Other helpful resources include personal literature lists, a calendar of events for relevant calls for papers, conferences, and workshops, and an economics terminology thesaurus to help in finding keywords for searches. To stay up-to-date with EconBiz, you can sign up for their newsletter.
Advanced Search Options: Title, subject, author, institution, ISBN/ISSN, journal, publisher, language, OA only
15. BioMed Central
BioMed Central provides OA research from more than 300 peer-reviewed journals. While originally focused on resources related to the physical sciences, math, and engineering, BioMed Central has branched out to include journals that cover a broader range of disciplines, with the aim of providing a single platform that provides OA articles for a variety of research needs. You can browse these journals by subject or title, or you can search all articles for your required keyword.
BioMed Central has a commitment to peer-reviewed sources and to the peer review process itself, continually seeking to help and improve the peer review process. They're "committed to maintaining high standards through full and stringent peer review." They publish the journal Research Integrity and Peer Review , which publishes research on the subject.
Additionally, the website includes resources to assist and support editors as part of their commitment to providing high-quality, peer-reviewed OA articles.
Other Services: BMC administers the International Standard Randomised Controlled Trial Number (ISRCTN) registry. While initially designed for registering clinical trials, since its creation in 2000, the registry has broadened its scope to include other health studies as well.
The registry is recognized by the International Committee of Medical Journal Editors, as well as the World Health Organization (WHO), and it meets the requirements established by the WHO International Clinical Trials Registry Platform.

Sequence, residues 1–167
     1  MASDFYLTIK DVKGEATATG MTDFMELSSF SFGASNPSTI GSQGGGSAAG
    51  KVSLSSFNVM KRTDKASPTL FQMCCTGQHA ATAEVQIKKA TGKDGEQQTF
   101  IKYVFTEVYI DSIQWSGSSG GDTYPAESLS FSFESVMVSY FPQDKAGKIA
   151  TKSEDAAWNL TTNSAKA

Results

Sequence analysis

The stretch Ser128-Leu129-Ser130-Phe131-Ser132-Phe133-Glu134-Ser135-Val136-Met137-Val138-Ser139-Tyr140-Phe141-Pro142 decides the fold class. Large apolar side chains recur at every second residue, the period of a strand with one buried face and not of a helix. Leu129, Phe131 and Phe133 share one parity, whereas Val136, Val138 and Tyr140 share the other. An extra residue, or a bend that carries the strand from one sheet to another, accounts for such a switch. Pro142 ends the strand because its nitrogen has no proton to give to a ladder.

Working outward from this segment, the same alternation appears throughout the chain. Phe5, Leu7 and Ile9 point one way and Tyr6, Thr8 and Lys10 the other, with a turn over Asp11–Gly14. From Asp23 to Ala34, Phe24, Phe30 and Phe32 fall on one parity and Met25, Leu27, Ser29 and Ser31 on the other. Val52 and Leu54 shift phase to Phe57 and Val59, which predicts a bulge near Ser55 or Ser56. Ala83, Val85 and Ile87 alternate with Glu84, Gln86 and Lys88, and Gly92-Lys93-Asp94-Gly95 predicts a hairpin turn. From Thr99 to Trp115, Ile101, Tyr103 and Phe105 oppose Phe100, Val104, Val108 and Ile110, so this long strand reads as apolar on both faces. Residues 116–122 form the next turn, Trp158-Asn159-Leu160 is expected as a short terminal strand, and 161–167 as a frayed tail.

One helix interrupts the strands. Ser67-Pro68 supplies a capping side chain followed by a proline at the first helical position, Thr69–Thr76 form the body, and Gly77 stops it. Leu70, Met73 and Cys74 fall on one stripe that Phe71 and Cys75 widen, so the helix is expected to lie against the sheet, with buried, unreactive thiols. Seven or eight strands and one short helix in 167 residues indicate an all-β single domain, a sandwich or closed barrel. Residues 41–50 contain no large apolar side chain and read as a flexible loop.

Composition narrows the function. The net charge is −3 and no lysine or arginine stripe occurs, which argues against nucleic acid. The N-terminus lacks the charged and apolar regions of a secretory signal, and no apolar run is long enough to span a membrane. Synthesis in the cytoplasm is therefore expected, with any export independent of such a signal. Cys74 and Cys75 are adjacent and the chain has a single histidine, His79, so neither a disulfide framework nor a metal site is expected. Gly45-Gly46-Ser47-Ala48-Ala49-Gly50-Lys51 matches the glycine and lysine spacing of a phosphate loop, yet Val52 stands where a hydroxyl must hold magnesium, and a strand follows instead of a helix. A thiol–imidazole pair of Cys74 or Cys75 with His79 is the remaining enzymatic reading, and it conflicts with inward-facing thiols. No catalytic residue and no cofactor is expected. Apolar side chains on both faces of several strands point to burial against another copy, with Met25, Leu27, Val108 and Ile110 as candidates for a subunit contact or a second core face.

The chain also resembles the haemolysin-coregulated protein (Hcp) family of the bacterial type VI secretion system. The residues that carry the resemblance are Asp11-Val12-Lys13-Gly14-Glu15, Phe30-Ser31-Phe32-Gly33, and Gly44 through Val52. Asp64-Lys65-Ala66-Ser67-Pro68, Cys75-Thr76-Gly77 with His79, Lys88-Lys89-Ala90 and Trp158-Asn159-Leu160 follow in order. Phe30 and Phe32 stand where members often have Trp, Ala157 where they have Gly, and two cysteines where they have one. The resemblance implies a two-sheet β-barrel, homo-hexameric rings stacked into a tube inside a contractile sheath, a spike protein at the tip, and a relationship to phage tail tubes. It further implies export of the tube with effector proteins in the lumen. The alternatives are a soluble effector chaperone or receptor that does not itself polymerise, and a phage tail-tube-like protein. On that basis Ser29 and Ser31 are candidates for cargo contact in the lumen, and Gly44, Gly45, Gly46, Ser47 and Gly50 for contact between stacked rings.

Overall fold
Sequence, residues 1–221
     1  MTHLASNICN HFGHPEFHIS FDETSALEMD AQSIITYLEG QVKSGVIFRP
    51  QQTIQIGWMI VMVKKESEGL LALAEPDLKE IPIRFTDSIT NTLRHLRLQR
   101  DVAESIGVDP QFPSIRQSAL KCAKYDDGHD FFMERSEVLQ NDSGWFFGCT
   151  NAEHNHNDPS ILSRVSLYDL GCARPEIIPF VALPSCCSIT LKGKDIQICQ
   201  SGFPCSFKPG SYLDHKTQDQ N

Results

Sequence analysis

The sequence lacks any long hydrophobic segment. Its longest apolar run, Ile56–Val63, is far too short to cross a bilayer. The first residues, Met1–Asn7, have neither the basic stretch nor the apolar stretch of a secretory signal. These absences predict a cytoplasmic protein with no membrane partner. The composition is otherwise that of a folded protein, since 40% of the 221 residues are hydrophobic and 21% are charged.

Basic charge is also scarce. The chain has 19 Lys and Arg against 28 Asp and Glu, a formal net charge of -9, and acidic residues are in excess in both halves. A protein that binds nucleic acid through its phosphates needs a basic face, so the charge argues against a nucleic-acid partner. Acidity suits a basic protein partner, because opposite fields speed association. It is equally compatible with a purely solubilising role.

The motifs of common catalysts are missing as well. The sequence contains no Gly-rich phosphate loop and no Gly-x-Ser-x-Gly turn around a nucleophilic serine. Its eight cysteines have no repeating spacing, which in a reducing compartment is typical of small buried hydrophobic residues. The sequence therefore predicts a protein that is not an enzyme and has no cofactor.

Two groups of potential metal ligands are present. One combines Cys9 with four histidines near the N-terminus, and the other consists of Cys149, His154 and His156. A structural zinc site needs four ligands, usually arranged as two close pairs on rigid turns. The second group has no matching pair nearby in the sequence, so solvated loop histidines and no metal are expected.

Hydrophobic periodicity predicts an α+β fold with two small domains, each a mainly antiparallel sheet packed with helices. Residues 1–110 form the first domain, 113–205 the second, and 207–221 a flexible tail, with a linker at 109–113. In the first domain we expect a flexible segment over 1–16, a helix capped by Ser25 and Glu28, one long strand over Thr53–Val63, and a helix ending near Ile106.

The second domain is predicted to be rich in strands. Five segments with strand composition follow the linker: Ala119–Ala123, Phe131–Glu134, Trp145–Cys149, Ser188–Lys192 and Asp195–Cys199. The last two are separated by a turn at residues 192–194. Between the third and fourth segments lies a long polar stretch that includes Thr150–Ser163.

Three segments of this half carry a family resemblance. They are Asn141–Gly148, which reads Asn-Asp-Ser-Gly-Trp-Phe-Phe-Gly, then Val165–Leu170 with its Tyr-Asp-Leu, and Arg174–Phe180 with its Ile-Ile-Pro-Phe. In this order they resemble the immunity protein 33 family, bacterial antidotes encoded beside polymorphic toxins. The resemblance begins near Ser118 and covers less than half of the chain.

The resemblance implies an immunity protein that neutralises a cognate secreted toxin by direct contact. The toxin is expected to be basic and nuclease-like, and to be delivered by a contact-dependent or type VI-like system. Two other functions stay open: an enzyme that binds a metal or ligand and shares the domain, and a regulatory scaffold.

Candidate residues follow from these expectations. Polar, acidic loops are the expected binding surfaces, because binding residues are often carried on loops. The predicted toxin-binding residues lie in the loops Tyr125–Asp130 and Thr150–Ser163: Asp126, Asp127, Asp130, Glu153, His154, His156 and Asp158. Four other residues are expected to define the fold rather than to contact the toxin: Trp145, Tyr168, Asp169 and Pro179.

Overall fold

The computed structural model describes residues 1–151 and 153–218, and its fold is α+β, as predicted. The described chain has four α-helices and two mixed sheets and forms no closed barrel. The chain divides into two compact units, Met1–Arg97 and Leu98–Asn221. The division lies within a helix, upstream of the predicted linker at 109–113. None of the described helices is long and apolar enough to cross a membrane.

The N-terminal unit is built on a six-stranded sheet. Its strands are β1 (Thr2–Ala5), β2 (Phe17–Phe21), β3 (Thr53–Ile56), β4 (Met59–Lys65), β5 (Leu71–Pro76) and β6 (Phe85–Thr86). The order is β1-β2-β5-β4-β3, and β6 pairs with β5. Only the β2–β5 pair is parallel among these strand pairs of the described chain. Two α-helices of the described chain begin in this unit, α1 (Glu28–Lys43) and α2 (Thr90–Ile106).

The study records included in the registry are all searchable and free to access. The ISRCTN registry "supports transparency in clinical research, helps reduce selective reporting of results and ensures an unbiased and complete evidence base."
Advanced Search Options: Author, title, journal, list
A multidisciplinary search engine, JURN provides links to various scholarly websites, articles, and journals that are free to access or OA. Covering the fields of the arts, humanities, business, law, nature, science, and medicine, JURN has indexed almost 5,000 repositories to help you find exactly what you're looking for.
Search features are enhanced by Google, but searches are filtered through their index of repositories. JURN seeks to reach a wide audience, with their search engine tailored to researchers from "university lecturers and students seeking a strong search tool for OA content" and "advanced and ambitious students, age 14-18" to "amateur historians and biographers" and "unemployed and retired lecturers."
That being said, JURN is very upfront about its limitations. They admit to not being a good resource for educational studies, social studies, or psychology, and conference archives are generally not included due to frequently unstable URLs.
Collection: 5,064 indexed journals
Other Services: JURN has a browser add-on called UserScript. This add-on allows users to integrate the JURN database directly into Google Search. When performing a search through Google, the add-on creates a link that sends the search directly to JURN CSE. JURN CSE is a search service that is hosted by Google.
Clicking the link from the Google Search bar will run your search through the JURN database from the Google homepage. There is also an interface for a DuckDuckGo search box; while this search engine has an emphasis on user privacy, for smaller sites that may be indexed by JURN, DuckDuckGo may not provide the same depth of results.
Advanced Search Options: Google search modifiers
Dryad is a digital repository of curated, OA scientific research data. Launched in 2009, it is run by a not-for-profit membership organization, with a community of institutional and publisher members for whom their services have been designed. Members include institutions such as Stanford, UCLA, and Yale, as well as publishers like Oxford University Press and Wiley.